|Around 3,000 people commemorated Eugene
The road to Ventersdorp, home of the
late Eugene Terreblanche, is fringed with fertile fields. It is a breath of
fresh air driving through the countryside. But then you see the road signs, they
are daubed with racist graffiti.
You think it is a throwback to the
1980s, but then you realise the spray paint is still fresh and these racist
slogans come from the mouths of a post-apartheid generation.
almost taste the racism in Ventersdorp.
I was trying to get a sense of
how people were reacting to the killing of the town's most infamous resident and
whether the extreme right-wing views he represented had become less evident
since the fall of apartheid.
Looking for vengeance
intercept a white woman as she emerges from a chip shop. With her neatly coiffed
hair and freshly-applied lipstick, she is a picture of what might appear to be
And she is happy to talk. "Did she expect a backlash
following Terreblanche's death?" I enquire politely.
"Yes," she says.
And, taking me by surprise, she describes rather forcefully how she would
happily take up arms herself to avenge the killing.
This lady may
represent an extreme of Afrikaner thought, but in this town, where the
swastika-like emblem of the AWB (Afrikaner Resistance Movement) stands proud,
there are many conservatives whose views have hardened these last few
This febrile atmosphere has not been calmed by the rantings of the
youth league of the ruling African National Congress
One black woman I
talked to lamented that Eugene Terreblanche had been made a
atmosphere has not been calmed by the rantings of the youth league of the ruling
African National Congress"
pay the price," she told me.
The khaki-and-black clad members of the AWB
were largely dismissed in the mid-90s as an embarrassment and an
I was told in Ventersdorp that since Terreblanche's killing,
the AWB claim that new members are queuing up to join, but few here believe they
will be a significant political force.
It was teeming with rain when I
met Harry at a farm half-an-hour's drive from Ventersdorp.
He had just
picked his son up from university where black and white students now study side
by side. Harry's parents were killed two years ago in a brutal robbery at their
His best friend Paul was gunned down on his farm in Limpopo just a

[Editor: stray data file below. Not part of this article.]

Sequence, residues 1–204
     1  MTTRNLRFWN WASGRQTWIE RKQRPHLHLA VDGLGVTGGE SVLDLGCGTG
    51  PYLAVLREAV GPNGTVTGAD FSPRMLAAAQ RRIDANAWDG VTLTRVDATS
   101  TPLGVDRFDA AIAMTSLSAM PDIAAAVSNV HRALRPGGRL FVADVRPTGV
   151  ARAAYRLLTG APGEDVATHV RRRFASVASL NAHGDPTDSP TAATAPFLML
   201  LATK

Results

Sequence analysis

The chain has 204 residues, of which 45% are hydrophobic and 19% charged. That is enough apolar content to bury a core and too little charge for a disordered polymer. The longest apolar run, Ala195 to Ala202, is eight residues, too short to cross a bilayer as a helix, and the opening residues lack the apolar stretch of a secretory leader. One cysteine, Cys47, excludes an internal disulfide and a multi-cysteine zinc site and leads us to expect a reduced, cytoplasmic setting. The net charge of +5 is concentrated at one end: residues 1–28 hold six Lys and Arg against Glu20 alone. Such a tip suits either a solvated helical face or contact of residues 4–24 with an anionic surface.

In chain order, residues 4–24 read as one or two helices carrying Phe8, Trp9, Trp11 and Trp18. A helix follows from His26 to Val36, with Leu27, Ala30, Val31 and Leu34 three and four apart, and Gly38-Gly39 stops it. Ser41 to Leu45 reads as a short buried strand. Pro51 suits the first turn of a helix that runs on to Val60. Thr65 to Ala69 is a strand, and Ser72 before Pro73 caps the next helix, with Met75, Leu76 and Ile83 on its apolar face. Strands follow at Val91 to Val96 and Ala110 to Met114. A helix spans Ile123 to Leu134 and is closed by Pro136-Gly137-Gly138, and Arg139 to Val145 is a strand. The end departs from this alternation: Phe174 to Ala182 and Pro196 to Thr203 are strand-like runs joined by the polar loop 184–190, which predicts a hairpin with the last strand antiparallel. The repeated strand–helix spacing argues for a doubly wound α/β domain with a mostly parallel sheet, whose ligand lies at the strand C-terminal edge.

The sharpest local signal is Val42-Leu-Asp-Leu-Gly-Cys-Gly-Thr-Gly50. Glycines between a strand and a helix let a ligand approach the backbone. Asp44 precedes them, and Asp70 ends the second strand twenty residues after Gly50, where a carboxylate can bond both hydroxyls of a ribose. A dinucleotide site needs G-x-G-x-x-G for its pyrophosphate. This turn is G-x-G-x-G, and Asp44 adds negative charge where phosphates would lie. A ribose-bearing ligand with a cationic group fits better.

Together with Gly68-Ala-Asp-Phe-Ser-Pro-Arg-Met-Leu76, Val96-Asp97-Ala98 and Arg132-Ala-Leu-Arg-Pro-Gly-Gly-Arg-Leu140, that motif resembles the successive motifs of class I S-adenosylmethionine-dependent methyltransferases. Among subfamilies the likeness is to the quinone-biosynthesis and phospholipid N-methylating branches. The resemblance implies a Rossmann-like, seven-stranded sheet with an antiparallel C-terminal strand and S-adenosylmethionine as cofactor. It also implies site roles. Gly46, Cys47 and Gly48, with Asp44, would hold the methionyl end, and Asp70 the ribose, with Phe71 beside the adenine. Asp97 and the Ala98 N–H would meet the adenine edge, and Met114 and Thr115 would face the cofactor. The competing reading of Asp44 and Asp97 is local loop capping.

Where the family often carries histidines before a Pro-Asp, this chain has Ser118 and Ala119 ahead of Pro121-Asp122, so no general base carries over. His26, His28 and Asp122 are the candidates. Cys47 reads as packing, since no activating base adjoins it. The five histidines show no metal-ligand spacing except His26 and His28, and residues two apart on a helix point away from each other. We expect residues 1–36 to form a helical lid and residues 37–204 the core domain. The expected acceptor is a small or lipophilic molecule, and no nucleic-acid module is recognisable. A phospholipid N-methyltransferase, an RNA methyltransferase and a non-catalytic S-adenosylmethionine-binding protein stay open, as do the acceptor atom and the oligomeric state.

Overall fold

few weeks back.
Farm killings, fuelled by South Africa's gross
inequalities, have become big news.
And because the majority of farmers
are white, it has assumed a racial dimension.
This febrile atmosphere has not been calmed by the rantings of
the youth league of the ruling African National Congress, who have been taunting
the farmers with anti-white songs from the days of the liberation
Harry is one of those South Africans who was full of hope when
Nelson Mandela became president in 1994.
But now, he tells me, he feels let down by President Zuma.
He said he had expected him to behave like a father protecting all his
"This he has failed to do," he said.
The great irony is
that the frustration of white farmers like Harry is shared by many
Jabu is a black businessman in Soweto, the township in southern
Johannesburg which is associated with the liberation struggle.
crime, I realised later, was the common thread that united these two
But one of them thinks the answer is a return to racial segregation.
The other says the country needs to come together and move on.
Jabu was sipping sodas at Sakumzi's restaurant in Soweto
when I first met him. He is bright, streetwise and was wearing the football
strip of one of the local clubs.
Playing on a white assumption, he
introduces himself to me as a car thief. I very quickly realise he was
He was the only black player on the student football team when he
studied at the University of the Witwatersrand back in the early
|A supporter of slain white supremacist
leader Eugene Terreblanche holds a placard reading, Afrikaners on the march to
freedom, outside the court in Ventersdorp, South Africa, Tuesday, April 6, 2010.
South Africa was famously dubbed the 'rainbow nation'
Now nearly two decades later, he says
the racial mix there has remained virtually the same. But he is certain that
things are changing for the better in South Africa and he prides himself on
having a racially mixed social circle.
Jabu sympathises with the white
farmers who express their fears over crime but insists that everyone in South
Africa is affected.
"I grew up in my neighbourhood with thieves," he
tells me. "And now, most of them are dead."
There is a man up the road
who specialise in "panga" or machete killings, he says bluntly.
we do?" he asks. "We just try to rub along together and remember the spirit of
"ubuntu", or brotherhood, that Nelson Mandela showed us. We also need to do more
to bridge the economic divide. And we've got to stop using race as an
This is famously the rainbow nation and much has changed here
since the days of apartheid. Yet colour, it seems to me, still defines
everything in South Africa.